Yeah - it's not "rocket science", but anyone planning to do this needs to understand the principles and fundamental measurements involved, and, if you are someone not already a "diy-er", it may sound frighteningly difficult - but with care, and attention to detail, and some relatively simple tools, it is possible.   And indeed, in terms of material, not a great cost at all, in terms of time - well - yes - first time round I would give yourself a full day... 🙂

Treating your first bridge cutting/shaping as an "experiment" would be a good idea.  The final result, once fitted and played, may "not give the best performance possible", but, that's what the journey is all about - the point is, it WILL work, you WILL have the satisfaction of being able to say "I made this", and you WILL have learned a lot in the process, making it easier and faster to do the next-time-round....  Absolutely...

I seriously recommend not copying my mistakes. D'oh - guntohead.JPG

Please make your own, different mistakes, and help us all learn :-)

Avatar
Fiddlerman
Fort Lauderdale
September 13, 2017 - 1:32 pm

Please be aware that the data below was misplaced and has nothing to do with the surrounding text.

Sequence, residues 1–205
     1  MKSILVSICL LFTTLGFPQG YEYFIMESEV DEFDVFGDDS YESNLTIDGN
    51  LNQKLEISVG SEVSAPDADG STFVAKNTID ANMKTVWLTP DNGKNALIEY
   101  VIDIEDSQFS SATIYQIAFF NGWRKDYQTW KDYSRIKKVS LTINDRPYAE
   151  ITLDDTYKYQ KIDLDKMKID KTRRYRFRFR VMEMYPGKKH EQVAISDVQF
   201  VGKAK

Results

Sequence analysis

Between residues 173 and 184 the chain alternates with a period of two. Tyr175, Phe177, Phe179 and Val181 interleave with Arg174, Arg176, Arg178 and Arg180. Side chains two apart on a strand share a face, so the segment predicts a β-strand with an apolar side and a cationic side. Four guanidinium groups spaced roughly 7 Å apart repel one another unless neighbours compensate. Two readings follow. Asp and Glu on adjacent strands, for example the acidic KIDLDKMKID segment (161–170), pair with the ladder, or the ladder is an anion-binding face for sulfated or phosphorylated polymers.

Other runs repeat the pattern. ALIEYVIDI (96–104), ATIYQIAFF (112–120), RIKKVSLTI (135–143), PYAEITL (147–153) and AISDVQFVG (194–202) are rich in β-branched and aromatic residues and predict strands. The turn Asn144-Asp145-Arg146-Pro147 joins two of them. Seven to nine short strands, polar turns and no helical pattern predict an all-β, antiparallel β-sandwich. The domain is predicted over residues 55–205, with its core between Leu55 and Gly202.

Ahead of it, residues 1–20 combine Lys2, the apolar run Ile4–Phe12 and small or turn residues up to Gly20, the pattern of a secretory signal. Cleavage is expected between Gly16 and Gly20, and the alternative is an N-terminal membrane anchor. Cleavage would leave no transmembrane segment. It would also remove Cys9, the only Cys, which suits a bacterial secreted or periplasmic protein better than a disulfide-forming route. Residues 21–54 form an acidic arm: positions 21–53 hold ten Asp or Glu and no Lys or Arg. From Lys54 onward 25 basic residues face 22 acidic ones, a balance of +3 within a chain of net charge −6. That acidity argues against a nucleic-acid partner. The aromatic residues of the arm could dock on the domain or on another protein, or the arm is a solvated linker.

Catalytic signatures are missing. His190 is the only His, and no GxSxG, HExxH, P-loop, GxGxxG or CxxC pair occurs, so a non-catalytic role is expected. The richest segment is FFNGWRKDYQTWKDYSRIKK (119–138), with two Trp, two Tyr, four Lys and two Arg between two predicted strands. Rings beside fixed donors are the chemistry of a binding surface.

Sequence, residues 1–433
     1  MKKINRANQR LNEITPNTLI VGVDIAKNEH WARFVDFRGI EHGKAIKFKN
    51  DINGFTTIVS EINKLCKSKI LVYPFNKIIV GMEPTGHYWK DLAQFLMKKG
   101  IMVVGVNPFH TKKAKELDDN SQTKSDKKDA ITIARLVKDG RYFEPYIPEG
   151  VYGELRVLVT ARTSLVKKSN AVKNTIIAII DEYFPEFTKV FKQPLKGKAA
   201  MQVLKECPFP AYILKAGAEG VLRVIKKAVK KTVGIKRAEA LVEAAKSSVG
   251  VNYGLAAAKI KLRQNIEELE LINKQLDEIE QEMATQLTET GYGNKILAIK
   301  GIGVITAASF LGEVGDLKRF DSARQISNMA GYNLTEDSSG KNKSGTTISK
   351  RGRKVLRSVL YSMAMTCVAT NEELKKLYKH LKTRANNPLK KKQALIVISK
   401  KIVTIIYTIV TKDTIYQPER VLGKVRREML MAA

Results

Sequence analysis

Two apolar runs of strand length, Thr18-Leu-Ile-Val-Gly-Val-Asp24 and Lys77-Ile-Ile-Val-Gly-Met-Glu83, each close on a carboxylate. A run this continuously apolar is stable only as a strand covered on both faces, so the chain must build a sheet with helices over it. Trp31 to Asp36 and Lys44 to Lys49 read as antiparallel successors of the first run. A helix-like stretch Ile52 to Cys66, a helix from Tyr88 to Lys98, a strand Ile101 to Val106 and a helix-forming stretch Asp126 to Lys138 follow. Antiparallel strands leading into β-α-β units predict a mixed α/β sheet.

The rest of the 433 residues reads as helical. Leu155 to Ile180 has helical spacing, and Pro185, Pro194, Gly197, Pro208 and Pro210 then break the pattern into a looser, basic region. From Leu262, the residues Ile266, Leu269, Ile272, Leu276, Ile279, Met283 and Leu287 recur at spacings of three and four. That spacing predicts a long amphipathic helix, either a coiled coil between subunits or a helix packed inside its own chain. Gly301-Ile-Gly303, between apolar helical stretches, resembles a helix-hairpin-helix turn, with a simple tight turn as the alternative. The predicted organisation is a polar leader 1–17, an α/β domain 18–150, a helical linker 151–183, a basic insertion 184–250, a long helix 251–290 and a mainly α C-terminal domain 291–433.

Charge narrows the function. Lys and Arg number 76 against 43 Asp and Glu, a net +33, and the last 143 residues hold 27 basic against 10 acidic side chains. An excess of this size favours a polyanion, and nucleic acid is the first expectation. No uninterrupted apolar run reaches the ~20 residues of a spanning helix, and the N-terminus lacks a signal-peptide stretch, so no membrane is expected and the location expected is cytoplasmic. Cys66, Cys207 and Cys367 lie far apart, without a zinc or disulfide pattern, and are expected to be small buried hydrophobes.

Member Since: September 26, 2010
Forum Posts: 12583
10sp_Permalink sp_Print
0

antreidez said

How tall and what material to use if you will reduce it? Can i use sand paper?  I bought a violin bridge because a violin player told me it was too low. I was hoping it will also make a change of sound. Ill tag a photo  

As with most things in this world, the more information and experience you gather the better the result will be.

Making a really great bridge is something takes a very long time to learn.

Making a bridge that works for you can be a different story and quite achievable if you follow instructions. As pointed out above, there are plenty of how to videos and instructional sites showing how to cut a bridge properly.

The quality of the wood is quite important but you also need to learn before spending too much money.

 

We have a couple here on Fiddlerman.com

http://fiddlerman.com/2011/11/.....n-m-healy/

And one by Dennis Boring which as much as I have searched, I have not been able to find. Someone help me with this link please.....

"The richest person is not the one who has the most,
but the one who needs the least."

Forum Timezone: America/New_York

Most Users Ever Online: 231

Currently Online:
38 Guest(s)

Currently Browsing this Page:
1 Guest(s)

Members Birthdays
sp_BirthdayIcon
Today None
Upcoming coolpinkone, Panda-P, OP Alaraasakka

Top Posters:

coolpinkone: 3978

Mad_Wed: 2849

Barry: 2666

Fiddlestix: 2647

Oliver: 2439

DanielB: 2379

Kevin M.: 1969

cdennyb: 1808

TerryT: 1720

Ferret: 1575

Member Stats:

Guest Posters: 2

Members: 6514

Moderators: 0

Admins: 3

Forum Stats:

Groups: 16

Forums: 56

Topics: 6834

Posts: 84972

Newest Members:

penelopeeb3, teiDaymn, MichaelWrasy, beckyps69, GeorgeRic, WillieAmeno

Administrators: Fiddlerman: 12583, KindaScratchy: 1696, BillyG: 2148